Short-form streaming opera isn’t the novelty that contemporary creatives want us to suppose it is, but there’s no denying it has burgeoned since the world went into pandemic lockdown last year. A seldom-acknowledged trouble with the bite-size wonders we’ve been seeing is that they don’t accrue the oomph to leave a lasting impression. Well, Desert In has a solution for that! Call it the Darrah variant—Darrah as in James Darrah, the artistic director of Long Beach Opera, in whose perfervid imagination opera and the movies swirl like coffee and Irish whiskey, once blended never to separate.

Forged in the sort of Writers Room crucible that gave rise to The Sopranos, The Simpsons, and Six Feet Under, Darrah’s latest weaves its spell over eight 10-to-20-minute episodes. Though each is credited to its own glitteringly credentialed librettist-composer team, the rules of the game came down from Darrah along with the Pulitzer Prize-winning composer Ellen Reid and the lead writer Christopher Oscar Peña. Trending names in the mix (among the composers, Vijay Iyer and Nico Muhly) have had to check their egos at the door.

At one level, we’re talking A Tale of Two Circes. Meet Sunny and Cass, the same-sex pair in charge of their own sensualist’s oasis deep in the region of California where you’ll find Joshua Tree and the Salton Sea, though more pertinent points of reference would be Twin Peaks, Chinatown, and No Exit.

The mezzo-soprano Isabel Leonard co-stars as Cass, one of the motel’s two Circes in charge.

At another level, this is the chronicle of two honeymooning Adonises, who pull into the motor court bearing more emotional baggage than initially appears. As lives crisscross, time warps and fate plays tricks. Smoldering lovers exchange hard stares, not exclusively with each other. Betrayal runs rampant. The dead awaken. And what gives with those photographs developing in the darkroom?

Where The Magic Flute has trials by fire and water, the Desert Inn of Desert In has a fire pit and a swimming pool, each visited frequently, seldom without some touch of evil. A word to the wise: Get out!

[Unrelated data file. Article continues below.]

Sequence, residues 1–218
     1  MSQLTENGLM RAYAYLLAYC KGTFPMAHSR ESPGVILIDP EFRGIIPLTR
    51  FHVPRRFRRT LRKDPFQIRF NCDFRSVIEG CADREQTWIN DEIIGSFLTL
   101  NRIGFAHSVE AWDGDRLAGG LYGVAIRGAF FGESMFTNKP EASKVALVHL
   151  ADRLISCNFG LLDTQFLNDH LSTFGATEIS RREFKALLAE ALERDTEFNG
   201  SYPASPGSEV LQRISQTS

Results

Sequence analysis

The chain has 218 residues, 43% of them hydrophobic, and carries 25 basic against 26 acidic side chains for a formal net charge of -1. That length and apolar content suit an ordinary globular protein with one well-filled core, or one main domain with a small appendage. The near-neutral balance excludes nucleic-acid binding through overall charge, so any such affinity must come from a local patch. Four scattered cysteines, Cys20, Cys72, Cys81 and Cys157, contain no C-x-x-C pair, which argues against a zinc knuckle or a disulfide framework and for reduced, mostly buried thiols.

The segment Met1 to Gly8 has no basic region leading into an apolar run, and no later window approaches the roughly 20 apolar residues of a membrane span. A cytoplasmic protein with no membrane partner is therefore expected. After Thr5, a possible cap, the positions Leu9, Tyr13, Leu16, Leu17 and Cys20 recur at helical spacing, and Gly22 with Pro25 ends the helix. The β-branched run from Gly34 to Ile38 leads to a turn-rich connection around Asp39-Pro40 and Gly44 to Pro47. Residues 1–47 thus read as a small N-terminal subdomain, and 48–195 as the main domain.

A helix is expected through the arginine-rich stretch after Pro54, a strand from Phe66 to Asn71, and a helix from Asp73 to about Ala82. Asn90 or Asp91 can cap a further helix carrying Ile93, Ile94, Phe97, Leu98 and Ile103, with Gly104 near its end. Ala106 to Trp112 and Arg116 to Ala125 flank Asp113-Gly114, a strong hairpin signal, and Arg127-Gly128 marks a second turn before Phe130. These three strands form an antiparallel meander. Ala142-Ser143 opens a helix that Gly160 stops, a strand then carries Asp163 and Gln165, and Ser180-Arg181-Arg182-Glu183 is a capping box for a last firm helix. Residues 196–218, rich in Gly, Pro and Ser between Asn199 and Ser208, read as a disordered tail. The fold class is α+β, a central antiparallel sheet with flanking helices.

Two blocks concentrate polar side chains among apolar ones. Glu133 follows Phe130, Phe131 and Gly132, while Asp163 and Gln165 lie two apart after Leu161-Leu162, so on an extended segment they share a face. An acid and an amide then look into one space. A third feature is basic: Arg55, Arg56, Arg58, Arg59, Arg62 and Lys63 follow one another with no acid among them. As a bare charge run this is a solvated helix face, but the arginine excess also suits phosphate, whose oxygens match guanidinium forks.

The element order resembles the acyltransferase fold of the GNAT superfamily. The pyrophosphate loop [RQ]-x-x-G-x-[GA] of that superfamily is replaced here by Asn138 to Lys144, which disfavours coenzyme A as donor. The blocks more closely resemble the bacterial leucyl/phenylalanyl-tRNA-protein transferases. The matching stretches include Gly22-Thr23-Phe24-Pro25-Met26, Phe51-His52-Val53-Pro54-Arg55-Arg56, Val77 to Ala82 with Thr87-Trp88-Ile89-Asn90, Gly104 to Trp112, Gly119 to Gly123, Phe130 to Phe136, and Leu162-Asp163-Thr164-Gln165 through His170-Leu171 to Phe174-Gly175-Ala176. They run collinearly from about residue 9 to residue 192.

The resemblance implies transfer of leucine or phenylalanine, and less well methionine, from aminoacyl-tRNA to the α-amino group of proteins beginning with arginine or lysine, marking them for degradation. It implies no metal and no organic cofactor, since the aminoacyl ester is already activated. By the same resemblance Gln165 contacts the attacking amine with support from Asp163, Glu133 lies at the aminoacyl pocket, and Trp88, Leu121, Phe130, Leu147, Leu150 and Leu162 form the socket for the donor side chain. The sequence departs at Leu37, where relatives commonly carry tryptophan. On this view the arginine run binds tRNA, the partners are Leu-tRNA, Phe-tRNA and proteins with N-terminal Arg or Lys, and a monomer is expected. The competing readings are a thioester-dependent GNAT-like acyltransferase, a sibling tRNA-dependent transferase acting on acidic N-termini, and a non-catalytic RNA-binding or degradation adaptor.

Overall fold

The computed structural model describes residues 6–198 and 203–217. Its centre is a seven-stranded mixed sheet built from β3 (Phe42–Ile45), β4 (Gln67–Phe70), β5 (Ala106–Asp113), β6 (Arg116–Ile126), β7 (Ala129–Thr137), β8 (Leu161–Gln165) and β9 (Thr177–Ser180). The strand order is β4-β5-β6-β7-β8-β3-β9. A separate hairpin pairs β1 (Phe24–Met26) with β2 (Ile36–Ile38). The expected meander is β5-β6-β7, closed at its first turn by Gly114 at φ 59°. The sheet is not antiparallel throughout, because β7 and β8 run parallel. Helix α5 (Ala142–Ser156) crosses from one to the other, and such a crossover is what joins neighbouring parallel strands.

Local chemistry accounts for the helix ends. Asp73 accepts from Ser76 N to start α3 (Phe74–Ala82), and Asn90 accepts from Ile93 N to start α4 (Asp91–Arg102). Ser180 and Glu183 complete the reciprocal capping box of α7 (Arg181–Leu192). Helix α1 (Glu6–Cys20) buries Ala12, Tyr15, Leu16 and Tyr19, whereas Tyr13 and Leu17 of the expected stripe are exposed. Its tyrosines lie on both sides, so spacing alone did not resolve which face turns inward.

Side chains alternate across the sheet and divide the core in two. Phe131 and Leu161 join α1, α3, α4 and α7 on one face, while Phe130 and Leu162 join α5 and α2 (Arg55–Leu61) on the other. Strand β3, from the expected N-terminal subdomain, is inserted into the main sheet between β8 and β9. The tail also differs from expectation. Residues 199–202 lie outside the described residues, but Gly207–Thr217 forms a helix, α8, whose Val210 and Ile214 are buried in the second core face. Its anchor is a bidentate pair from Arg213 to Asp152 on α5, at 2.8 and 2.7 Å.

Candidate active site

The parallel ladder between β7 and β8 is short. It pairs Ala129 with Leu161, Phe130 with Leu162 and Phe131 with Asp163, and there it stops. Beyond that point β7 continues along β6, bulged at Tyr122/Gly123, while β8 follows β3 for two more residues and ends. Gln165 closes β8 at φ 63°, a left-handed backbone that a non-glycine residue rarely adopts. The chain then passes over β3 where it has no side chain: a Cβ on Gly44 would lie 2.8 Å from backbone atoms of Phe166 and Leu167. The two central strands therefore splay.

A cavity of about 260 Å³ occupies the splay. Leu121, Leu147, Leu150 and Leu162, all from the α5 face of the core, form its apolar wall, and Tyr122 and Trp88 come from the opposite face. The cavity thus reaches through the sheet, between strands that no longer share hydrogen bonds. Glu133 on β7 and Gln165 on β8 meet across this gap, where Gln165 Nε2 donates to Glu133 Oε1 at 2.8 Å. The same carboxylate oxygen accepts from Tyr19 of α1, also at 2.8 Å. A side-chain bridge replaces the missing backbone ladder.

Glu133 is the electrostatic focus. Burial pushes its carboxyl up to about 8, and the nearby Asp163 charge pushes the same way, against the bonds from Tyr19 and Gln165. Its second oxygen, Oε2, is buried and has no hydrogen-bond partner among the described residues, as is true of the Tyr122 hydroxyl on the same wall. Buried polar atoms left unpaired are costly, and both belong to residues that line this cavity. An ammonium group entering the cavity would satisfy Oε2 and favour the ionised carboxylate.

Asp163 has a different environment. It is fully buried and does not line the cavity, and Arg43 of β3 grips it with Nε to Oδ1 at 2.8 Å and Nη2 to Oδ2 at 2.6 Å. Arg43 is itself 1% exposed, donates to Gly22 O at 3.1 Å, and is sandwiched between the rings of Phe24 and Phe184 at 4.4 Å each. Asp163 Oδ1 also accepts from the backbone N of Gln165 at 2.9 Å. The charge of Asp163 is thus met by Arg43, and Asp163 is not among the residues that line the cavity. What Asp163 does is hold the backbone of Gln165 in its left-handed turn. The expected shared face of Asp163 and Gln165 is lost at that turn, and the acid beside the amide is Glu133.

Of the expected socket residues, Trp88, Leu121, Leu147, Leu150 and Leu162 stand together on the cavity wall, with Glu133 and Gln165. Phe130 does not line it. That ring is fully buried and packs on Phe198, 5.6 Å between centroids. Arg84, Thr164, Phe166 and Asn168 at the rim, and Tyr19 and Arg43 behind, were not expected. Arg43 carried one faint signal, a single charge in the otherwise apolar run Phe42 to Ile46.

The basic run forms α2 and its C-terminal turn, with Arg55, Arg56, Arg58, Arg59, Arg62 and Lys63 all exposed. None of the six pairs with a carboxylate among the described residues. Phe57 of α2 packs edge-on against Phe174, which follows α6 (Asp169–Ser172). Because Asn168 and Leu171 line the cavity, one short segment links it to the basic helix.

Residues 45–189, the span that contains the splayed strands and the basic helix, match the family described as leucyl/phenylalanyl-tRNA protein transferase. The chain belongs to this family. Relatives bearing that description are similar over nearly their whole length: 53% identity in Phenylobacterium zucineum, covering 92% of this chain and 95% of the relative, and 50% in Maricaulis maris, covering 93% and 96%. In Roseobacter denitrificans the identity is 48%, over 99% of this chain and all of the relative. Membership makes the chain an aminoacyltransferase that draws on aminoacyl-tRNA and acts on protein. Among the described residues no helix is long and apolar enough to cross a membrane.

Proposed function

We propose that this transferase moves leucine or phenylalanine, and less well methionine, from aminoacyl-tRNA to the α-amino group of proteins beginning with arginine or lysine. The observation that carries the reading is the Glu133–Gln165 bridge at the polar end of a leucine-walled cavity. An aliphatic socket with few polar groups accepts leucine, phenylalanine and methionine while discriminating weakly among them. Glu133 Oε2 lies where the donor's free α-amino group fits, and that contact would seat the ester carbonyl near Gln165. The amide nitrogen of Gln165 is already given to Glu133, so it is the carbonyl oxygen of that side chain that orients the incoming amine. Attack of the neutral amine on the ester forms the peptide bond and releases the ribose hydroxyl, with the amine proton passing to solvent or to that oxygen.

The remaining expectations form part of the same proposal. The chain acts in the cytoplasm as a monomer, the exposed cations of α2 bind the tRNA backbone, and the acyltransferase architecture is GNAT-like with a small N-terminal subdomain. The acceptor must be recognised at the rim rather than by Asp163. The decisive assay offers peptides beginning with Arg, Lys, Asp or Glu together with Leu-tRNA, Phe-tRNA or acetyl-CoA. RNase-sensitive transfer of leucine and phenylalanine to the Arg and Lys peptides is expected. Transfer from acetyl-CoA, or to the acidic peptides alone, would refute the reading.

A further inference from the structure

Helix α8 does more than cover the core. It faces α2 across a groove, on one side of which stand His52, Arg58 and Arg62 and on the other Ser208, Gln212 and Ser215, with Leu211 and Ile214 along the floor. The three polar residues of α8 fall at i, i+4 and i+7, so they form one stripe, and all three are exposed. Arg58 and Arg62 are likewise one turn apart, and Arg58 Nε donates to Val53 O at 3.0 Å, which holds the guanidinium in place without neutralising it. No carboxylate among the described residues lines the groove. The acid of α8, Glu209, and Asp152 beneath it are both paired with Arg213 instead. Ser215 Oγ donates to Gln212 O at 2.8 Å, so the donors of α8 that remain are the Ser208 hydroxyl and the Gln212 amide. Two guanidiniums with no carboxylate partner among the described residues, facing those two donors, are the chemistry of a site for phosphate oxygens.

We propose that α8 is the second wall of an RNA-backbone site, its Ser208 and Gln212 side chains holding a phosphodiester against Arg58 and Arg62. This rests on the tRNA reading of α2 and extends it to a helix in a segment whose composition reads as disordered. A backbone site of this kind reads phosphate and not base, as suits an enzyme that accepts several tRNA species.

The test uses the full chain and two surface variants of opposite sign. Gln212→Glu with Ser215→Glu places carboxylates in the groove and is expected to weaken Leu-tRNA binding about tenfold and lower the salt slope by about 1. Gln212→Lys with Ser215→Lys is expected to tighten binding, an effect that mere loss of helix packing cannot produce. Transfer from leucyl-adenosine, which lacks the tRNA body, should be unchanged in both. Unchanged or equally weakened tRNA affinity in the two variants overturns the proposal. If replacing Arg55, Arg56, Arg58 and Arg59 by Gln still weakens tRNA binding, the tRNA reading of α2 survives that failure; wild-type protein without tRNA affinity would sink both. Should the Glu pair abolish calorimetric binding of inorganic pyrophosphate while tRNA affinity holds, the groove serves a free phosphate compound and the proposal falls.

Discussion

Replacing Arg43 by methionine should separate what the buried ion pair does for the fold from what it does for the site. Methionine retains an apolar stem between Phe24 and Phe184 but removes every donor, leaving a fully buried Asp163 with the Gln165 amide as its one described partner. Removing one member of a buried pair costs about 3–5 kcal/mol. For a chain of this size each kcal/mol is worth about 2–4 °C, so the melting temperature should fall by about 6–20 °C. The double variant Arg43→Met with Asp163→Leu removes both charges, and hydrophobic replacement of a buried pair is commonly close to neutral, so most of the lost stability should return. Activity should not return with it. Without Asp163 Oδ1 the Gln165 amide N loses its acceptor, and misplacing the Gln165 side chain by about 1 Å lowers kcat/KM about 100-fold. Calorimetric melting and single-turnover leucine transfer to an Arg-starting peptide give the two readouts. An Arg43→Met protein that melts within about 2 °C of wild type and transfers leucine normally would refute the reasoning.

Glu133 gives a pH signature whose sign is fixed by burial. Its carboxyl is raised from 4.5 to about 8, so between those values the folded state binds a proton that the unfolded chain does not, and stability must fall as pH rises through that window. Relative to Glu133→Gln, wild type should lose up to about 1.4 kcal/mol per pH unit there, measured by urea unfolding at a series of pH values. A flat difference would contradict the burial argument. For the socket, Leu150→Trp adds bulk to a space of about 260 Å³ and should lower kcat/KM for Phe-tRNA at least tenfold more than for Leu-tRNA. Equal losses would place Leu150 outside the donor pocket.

Speaking of Get Out, the composer for the series finale is Michael Abels, who produced and scored Jordan Peele’s Oscar-crowned horror flick. His contribution here accounts for two of the series’s most memorable moments: a brief noir explosion that epitomizes the genre without descending into the generic, and a catchy bossa nova, into which the Lounge Singer of Justin Vivian Bond drops a note of alchemical mischief.

A doctoral thesis on the casting might be in order. As the two Circes, Isabel Leonard and Talise Trevigne deliver everything their roles require: faces, voices, cinematic presence. But for the honeymooners, Darrah fields a quartet. Onscreen, we see Alexander Flores and Raviv Ullman (formerly Ricky Ullman, of the Disney Channel’s Phil of the Future); on the soundtrack, we hear the tenor Jesus Garcia, two decades ago the winner of a Tony for Baz Luhrmann’s Broadway production of La Bohème, and the baritone Edward Nelson, winner of the 2020 Glyndebourne Cup, no paltry honor for a singing actor.

Same division of labor in the part of a distinguished older gentleman, acted by Ricco Ross but voiced by the eloquent baritone of Davóne Tines. Why’s that? Smacks of lookism and ageism to me. And shouldn’t those be no-no’s in cutting-edge opera’s brave new world? Or is something deeper going on?

Desert In is available for streaming on the Boston Lyric Opera Web site

Matthew Gurewitsch writes about opera and classical music for AIR MAIL. He lives in Hawaii